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    Sweet Potato Vine Varieties

    With its lush, attractive foliage and vigorous growth habit, the ornamental sweet potato vine is an accent plant in outdoors and container gardens. It also comes in various leaf shapes, colors, and growth habits, serving multiple gardening purposes. 
    These are the widespread cultivars of Ipomoea batatas discussed here;
    Sweet Potato Vine ‘Margarita’ (Ipomoea batatas ‘Margarita’ or ‘Marguerite’) is popular of all sweet potato vine cultivars and features the lime green or chartreuseheart-shaped leaves. It has a mounding growth habit with trailing stems (can be trained up to trellis) and perfectly grows in containers. As a mounding plant, it grows to 4 to 10 inches tall with the same spread, and as a climber grows up to 6 feet long.
    Sweet Potato Vine ‘Blackie’ (Ipomoea batatas ‘Blackie’) is an exotic-looking cultivar with dark purple foliage, similar to maple leaves. It reaches a mature height of 6 to 10 inches with 4 to 5 feet wide. With its adult size, ‘Blackie’ is an excellent ground cover edging and an accent in containers. It produces more flowers than other cultivars.
    Sweet Potato Vine ‘Illusion Emerald Lace’ (Ipomoea batatas ‘Illusion Emerald Lace’) features yellow-green foliage with 1 feet height and 3 feet spread. It is a mounding varietal vine that looks excellent in garden beds, borders, and containers.
    Sweet Potato Vine ‘Tricolor’ is a true beauty with its tricolored foliage and combines well with pink salvia, purple fountain grass, and dark purple alternanthera in containers. It grows up to 12 inches high and 3 feet wide and is sensitive to cooler temperatures than other cultivars. It is also a slow grower than other ornamental sweet potato vines.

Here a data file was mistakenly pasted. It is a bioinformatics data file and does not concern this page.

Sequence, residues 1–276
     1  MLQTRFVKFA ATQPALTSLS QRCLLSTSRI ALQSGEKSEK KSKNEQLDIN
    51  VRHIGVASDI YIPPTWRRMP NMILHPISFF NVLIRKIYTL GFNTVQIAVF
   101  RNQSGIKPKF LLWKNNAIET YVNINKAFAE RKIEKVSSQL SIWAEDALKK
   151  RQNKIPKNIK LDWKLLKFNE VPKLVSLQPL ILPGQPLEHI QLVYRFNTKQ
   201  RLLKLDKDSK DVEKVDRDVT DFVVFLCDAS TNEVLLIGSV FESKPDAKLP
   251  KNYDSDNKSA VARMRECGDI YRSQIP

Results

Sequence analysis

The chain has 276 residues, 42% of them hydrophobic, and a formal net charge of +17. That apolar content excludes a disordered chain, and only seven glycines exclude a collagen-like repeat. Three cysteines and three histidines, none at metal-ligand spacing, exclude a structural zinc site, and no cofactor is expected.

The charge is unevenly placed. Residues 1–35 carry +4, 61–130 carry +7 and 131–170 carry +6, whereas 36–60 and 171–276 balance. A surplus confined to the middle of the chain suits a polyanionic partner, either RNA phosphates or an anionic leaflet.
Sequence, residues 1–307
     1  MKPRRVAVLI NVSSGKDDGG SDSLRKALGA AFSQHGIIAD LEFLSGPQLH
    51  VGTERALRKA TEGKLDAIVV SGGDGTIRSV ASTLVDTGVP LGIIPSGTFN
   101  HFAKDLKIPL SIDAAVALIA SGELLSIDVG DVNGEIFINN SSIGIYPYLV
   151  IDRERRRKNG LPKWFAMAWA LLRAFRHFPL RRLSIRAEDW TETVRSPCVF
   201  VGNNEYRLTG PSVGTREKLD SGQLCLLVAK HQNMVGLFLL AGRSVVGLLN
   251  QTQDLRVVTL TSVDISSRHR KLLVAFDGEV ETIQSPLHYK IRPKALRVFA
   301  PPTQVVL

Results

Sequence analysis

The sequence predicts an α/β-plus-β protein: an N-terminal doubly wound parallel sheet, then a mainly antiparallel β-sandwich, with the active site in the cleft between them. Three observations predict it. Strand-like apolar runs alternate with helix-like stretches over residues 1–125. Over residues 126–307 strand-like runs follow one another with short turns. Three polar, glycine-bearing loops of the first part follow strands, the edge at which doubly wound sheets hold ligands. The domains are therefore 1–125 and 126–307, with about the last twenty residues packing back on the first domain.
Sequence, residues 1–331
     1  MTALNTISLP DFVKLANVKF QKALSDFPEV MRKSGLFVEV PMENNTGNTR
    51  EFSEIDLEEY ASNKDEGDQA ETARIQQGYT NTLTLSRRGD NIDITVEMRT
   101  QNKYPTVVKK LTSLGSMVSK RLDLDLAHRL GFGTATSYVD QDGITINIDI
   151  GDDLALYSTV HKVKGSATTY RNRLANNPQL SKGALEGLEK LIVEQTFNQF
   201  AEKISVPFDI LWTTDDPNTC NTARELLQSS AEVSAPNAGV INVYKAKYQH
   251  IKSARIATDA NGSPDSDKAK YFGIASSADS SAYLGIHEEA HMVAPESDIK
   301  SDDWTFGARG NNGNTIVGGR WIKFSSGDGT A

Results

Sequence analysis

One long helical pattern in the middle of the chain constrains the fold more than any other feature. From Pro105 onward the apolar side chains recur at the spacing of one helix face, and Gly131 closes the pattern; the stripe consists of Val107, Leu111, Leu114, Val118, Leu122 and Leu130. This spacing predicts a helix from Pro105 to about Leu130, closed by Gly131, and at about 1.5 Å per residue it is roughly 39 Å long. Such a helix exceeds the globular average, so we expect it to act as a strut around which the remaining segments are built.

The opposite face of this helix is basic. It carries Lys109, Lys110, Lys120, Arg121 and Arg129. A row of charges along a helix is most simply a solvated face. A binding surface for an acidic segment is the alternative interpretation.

Sweet Potato Vine ‘Sweet Caroline Sweetheart Lime’ (Ipomoea batatas ‘Sweet Caroline Sweetheart Lime’) is a beautiful compact cultivar with lime chartreuse leaves. It is an excellent plant for small spaces and containers with a mature height of 6 to 16 inches tall and 20 to 36 inches spread. ‘Sweet Caroline Sweetheart Lime’s heart-shaped leaves pair well with mounding petunias and upright purple fountain grass. 
    Sweet Potato Vine ‘Sweet Caroline Bronze’ (Ipomoea batatas ‘Sweet Caroline Bronze’) is a unique cultivar with brownish orange lobed foliage with light green undertones. It has a trailing spreading growth habit, making it the perfect choice for hanging baskets, ground covers, and as an edging plant for the garden bed.
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    🔥 Join 52,560+ other plant parents.Bookmark this Sweet Potato Vine care guide for later.
     Access this guide anywhere, anytime. You can even download it as a PDF and print it out for free! Just pop in your email below, and we’ll send you a bookmark later alongside some plant care tips.

    How to Propagate Sweet Potato Vine

    Sweet potato vine plants are easy to propagate through stem cuttings, and the best time for their propagation is spring (when growing from tubers for gardens) or early fall for stem cuttings. 
    Here’s the complete process to propagate the sweet potato vine through stem cuttings;
    1. Select a healthy stem and cut off the 8 to 10 inches long branch with sharp and disinfected garden snippers. Ensure the cutting has enough leaf buds and tender top leaves for food processing.
    2. Remove the bottom leaves, submerge the cut end in a clean water jar, and place it in a south-facing window. Within a few days, the roots will appear. At this stage, you can keep the cutting in a water-filled jar through the winter. Change the water every two to three days to discourage microbial growth while keeping roots constantly in water.
    3.  As the danger of frost passes, transplant the sweet potato vine in moist garden soil and a sunny spot.
    4. Or plant it in a container with drainage holes filled with high-quality potting soil mix.

    Common Sweet Potato Vine Problems

    Sweet potato sprouting against a orange background
    Image Source:Photo by Adene Sanchez on Getty ImagesSweet potato sprouting against a orange background
    Sweet potato vine is susceptible to fungal pathogens and common disorders when grown in a poor growth medium. These problems turn its beautiful foliage to brown, black,  wilted, and even plant death.

    Twig Blight - Brown or graying tips of branches